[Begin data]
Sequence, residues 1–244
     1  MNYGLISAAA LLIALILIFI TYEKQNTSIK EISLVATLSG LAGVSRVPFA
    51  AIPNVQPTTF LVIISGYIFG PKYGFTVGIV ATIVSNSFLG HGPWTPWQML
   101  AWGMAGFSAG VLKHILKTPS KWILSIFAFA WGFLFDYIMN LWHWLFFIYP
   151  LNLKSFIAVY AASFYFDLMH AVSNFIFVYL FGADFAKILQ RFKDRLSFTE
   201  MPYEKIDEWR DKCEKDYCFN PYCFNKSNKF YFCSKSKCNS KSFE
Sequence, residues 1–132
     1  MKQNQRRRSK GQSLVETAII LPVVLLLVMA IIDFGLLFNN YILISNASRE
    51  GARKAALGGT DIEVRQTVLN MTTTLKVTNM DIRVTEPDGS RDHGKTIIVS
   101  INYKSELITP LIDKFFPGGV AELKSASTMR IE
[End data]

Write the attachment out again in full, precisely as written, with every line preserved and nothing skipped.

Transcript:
Sequence, residues 1–244
     1  MNYGLISAAA LLIALILIFI TYEKQNTSIK EISLVATLSG LAGVSRVPFA
    51  AIPNVQPTTF LVIISGYIFG PKYGFTVGIV ATIVSNSFLG HGPWTPWQML
   101  AWGMAGFSAG VLKHILKTPS KWILSIFAFA WGFLFDYIMN LWHWLFFIYP
   151  LNLKSFIAVY AASFYFDLMH AVSNFIFVYL FGADFAKILQ RFKDRLSFTE
   201  MPYEKIDEWR DKCEKDYCFN PYCFNKSNKF YFCSKSKCNS KSFE
Sequence, residues 1–132
     1  MKQNQRRRSK GQSLVETAII LPVVLLLVMA IIDFGLLFNN YILISNASRE
    51  GARKAALGGT DIEVRQTVLN MTTTLKVTNM DIRVTEPDGS RDHGKTIIVS
   101  INYKSELITP LIDKFFPGGV AELKSASTMR IE